When someone asks you what you are, how do you answer? Many commentators are concerned by a resurgence of ethnic or tribal identities represented by the popularity of 100% this or that labels. We asked leading South Africans to answer the question: Who are you and who are we?
‘My heritage defines who I am’
Nkosi Patekile Sango Holomisa is the traditional leader of the Hegebe clan, which has its roots in the outskirts of a small town called Mqanduli in the Eastern Cape.
City Press interviews him at his Mqanduli home. He is in his study working on his computer.
There are three elderly men present.
“In my culture, as the chief of the amaHegebe, I have to be surrounded by elders and the people of this land whenever there are visitors so that they can witness the proceedings and give counsel to me as chief. This is protocol, and I respect and abide by it,” says Holomisa.
The president of the Congress of Traditional Leaders of SA defines himself as a progressive traditionalist and an African who also embraces Christian views as an Anglican.
He knows this may seem contradictory, but it makes sense to him.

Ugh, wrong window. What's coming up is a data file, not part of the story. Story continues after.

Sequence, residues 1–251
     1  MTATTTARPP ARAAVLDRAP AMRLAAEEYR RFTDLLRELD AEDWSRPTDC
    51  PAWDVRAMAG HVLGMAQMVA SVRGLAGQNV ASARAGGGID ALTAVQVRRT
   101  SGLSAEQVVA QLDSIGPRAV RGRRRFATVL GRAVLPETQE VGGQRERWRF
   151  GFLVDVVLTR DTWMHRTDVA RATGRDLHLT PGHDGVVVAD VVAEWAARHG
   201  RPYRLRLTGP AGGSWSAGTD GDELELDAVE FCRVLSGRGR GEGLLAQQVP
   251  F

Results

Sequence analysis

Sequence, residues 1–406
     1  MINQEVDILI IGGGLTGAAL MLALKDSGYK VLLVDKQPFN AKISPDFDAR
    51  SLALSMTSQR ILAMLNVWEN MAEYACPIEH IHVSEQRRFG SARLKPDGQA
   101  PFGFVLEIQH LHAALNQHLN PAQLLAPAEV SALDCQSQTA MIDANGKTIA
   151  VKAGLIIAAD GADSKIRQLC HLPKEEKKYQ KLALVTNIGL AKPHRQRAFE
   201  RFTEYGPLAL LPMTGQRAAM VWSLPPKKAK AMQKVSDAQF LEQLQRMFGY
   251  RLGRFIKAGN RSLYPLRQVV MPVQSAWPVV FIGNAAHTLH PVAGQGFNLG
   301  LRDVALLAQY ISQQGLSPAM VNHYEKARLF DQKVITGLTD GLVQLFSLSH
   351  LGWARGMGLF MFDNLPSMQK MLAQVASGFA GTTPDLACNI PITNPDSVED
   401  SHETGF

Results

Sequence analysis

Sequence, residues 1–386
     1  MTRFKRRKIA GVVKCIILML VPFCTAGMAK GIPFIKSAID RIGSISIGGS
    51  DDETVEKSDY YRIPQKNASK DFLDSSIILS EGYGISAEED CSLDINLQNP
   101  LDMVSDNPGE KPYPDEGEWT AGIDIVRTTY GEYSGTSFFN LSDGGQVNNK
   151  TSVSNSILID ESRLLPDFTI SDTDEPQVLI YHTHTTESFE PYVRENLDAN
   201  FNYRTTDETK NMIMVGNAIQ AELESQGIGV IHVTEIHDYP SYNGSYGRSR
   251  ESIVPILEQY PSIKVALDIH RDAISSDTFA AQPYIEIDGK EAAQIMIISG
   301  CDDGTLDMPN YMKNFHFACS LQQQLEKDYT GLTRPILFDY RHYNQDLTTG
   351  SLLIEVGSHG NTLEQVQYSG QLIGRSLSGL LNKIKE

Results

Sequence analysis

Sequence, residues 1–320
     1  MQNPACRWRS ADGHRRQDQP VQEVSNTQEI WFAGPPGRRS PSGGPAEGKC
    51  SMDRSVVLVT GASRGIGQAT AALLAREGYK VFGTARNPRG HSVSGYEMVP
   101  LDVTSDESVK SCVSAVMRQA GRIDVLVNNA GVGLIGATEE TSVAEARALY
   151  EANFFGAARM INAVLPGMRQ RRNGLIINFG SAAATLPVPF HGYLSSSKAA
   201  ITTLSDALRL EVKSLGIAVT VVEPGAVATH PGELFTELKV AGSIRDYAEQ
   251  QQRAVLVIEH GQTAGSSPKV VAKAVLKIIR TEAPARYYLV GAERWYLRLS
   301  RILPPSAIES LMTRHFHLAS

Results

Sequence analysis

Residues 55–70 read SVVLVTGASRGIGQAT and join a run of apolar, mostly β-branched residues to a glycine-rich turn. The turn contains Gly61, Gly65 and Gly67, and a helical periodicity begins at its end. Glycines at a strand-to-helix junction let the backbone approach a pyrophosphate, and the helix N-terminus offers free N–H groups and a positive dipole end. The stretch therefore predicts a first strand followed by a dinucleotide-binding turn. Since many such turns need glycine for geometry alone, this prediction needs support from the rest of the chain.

Ahh! Dilizintaba – Holomisa’s praise name – speaks fondly of his heritage and upbringing as a Thembu and umGebe, his clan name.
“We are amaHegebe, one of the clans that constitute the Thembu nation. We regard ourselves as Africans first because, according to history, we originated from what is now known as Zimbabwe.
“We travelled down to where we are, mostly along the coast, passing through nations such as Swazi, Zulu and amaMpondo.”
Holomisa takes his identity from his people, he explains, and his heritage defines who he is and what he stands for.
There are two South African flags and an ANC flag on his desk. Law books line the shelves behind him (he is a lawyer).
He wears many hats, but his identity is more defined by his job as a traditional leader than as an MP or a legal representative.
Holomisa says of his people in the Eastern Cape: “They take traditional leadership as the symbol of their identity.” – Lubabalo Ngcukana
‘My faith shapes me’
The moral and ethical values contained in his faith as a Catholic played a far more significant role in shaping Protas Madlala’s thinking than race, gender or ethnicity.
Madlala, the chief executive officer of Durban’s Small Business Development Agency, believes that using culture as an excuse for “backward’’ behaviour is a result of intellectual and moral laziness.
The 55-year-old social activist and academic is a devout Catholic whose life in St Wendolin’s township near Marrianhill, west of Durban, and marriage to a white American woman, cultural anthropologist Suzanne Leclerc, made headlines in the 1980s.
“What is the strongest determining factor in who I am? The Zulu factor certainly is not. The Zulu factor is out. What influences me most in my work and life, and forms my values, is my Catholicism.
“It is Catholicism that teaches me to be selfless, that the purpose of life is spirituality and service.
My analysis is determined by the values that come from that belief, the understanding that to serve is to do God’s will.